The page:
Not much info from an engineering perspective on the various MRT options, their cost, their speeds, quality of service etc. A thorough study of the mass transport alternatives, their relative advantages and disadvantages is not part of the study. Suburban rail, or rail at grade is not mentioned at all, and no reason why this has been dropped has been given.

This is very critical and obvious to an extent. How could one give proposals without understanding the pros and cons of each in depth ?

My pet peeve – Does not talk sufficiently on cost effectiveness other than mention BRT. Laying surface lines, avoiding commute through central areas by laying rail tracks in the periphery is not mentioned. BRT is the lowest cost, however the next best thing would be a suburban or metro system at grade but with ROW (right of way). Talks about diverting through traffic on PRR. But in the same light, if we could divert people traffic through circular rail routes and not have them commute through the centre would help, both reduce commute time as well reduce the load on the centre.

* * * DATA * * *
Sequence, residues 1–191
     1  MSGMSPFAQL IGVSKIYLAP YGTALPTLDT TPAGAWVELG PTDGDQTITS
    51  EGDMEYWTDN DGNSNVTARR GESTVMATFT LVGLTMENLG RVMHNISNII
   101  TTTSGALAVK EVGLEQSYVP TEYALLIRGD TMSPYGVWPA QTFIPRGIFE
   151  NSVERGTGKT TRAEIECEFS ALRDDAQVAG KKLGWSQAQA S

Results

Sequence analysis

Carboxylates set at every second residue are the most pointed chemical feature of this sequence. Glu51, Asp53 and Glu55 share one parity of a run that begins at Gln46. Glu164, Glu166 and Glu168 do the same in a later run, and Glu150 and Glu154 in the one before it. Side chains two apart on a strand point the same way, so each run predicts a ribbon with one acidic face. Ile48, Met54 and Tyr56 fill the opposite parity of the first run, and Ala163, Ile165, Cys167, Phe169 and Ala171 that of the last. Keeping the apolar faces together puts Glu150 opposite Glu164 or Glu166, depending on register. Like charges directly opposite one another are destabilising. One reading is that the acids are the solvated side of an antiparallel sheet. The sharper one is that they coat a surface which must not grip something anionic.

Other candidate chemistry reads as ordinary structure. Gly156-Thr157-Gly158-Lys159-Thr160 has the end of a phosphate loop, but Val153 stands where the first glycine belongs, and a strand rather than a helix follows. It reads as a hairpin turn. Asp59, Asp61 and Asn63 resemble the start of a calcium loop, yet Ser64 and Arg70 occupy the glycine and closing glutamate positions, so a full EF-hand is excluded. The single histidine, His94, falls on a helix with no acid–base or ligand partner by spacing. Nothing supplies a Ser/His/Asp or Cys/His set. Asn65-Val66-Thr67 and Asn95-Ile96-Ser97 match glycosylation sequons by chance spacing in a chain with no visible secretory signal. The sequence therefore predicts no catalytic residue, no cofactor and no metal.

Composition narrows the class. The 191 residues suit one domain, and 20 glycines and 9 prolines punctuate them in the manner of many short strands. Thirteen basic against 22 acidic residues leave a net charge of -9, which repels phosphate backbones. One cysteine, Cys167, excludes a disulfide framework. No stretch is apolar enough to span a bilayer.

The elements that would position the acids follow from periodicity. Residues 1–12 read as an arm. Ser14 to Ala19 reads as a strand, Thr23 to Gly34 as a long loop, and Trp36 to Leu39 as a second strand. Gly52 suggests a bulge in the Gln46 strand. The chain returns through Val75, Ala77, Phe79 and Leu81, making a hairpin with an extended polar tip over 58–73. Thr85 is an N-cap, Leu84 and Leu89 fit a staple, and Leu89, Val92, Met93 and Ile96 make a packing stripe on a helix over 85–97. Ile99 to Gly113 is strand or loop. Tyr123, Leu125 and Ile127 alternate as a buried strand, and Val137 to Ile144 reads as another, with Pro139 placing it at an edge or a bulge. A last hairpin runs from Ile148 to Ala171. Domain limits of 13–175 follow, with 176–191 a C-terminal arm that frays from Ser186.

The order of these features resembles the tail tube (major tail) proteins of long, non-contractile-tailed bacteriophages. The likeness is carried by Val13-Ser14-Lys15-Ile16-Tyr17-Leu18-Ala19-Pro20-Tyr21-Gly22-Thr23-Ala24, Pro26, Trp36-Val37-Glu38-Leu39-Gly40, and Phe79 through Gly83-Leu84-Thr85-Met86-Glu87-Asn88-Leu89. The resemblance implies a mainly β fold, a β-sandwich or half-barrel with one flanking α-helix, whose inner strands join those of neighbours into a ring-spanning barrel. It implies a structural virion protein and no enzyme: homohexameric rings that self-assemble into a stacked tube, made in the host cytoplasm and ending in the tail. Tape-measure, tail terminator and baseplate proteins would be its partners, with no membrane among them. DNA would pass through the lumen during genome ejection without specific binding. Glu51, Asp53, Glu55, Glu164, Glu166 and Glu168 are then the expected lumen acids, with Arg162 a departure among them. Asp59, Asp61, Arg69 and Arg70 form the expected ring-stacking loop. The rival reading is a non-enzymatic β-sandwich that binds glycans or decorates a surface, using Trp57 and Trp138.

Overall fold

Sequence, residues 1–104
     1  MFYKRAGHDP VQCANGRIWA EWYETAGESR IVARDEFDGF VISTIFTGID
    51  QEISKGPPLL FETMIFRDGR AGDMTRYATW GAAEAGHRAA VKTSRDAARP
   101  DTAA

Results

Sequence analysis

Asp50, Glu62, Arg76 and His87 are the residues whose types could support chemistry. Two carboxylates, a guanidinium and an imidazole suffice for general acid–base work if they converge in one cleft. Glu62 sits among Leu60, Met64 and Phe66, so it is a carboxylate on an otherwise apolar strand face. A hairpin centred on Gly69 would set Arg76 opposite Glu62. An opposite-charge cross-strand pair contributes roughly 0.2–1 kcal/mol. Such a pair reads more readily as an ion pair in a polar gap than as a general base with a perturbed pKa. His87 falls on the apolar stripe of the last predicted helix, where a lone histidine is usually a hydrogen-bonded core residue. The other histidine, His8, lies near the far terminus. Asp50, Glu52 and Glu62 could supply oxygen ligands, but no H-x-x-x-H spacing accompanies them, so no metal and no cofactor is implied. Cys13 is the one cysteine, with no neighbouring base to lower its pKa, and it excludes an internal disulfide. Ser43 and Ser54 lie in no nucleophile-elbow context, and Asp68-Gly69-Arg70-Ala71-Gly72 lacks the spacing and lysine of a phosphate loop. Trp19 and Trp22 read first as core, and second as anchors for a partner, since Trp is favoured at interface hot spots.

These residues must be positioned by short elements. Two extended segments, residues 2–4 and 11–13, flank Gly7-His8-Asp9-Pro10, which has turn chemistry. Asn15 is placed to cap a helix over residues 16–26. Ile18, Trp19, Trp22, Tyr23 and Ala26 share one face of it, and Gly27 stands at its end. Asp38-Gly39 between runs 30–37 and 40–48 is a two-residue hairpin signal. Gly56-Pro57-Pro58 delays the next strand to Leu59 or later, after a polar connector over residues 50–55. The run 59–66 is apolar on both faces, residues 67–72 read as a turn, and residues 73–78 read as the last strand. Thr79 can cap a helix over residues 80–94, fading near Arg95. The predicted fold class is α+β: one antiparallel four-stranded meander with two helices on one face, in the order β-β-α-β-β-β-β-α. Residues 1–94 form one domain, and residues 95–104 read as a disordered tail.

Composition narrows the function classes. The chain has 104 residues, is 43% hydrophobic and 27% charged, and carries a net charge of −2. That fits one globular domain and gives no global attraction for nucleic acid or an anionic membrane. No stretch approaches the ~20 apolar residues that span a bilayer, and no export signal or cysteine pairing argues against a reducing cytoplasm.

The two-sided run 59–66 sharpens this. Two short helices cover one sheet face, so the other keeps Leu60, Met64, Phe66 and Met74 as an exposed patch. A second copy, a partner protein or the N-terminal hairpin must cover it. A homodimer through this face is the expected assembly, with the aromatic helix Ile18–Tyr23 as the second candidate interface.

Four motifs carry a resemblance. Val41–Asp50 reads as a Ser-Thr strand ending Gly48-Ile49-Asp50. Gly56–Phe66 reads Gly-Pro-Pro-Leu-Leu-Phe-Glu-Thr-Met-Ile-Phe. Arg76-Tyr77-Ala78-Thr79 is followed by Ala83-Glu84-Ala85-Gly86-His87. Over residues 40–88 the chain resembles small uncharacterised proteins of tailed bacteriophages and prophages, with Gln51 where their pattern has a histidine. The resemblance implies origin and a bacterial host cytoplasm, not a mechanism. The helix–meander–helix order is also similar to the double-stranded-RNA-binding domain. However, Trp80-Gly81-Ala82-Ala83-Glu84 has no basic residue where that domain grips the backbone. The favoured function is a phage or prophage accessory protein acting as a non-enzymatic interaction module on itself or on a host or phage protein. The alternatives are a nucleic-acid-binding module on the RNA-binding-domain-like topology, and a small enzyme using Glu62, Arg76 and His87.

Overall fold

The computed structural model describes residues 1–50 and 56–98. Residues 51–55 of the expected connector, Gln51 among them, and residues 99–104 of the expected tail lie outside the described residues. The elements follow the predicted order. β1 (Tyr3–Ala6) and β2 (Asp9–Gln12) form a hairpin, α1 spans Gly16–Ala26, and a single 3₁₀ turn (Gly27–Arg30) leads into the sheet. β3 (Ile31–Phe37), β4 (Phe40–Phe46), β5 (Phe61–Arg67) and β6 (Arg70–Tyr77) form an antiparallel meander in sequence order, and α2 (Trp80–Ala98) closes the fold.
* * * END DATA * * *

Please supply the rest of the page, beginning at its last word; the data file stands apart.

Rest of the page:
Traffic and transportation plan (Ch 7)

The suggestions are open-ended, ie the report doesn’t talk about what to expect once the proposal has been implemented. Such as, what would be the percentage of ridership on the Metro at completion of each phase ? What would be the ridership along each route ? How much would use Public Transport , (updation of table 3.7/ Fig 3.8)? How would the density of road traffic compare (update Table 3.1, 3.2 etc)? What would be the average speed (speed and delay study - Table 3.16)comparison between now and once these suggestions are implemented. Average commute time if the transport network is utilized. None of these are addressed, as the study missed this crucial point altogether.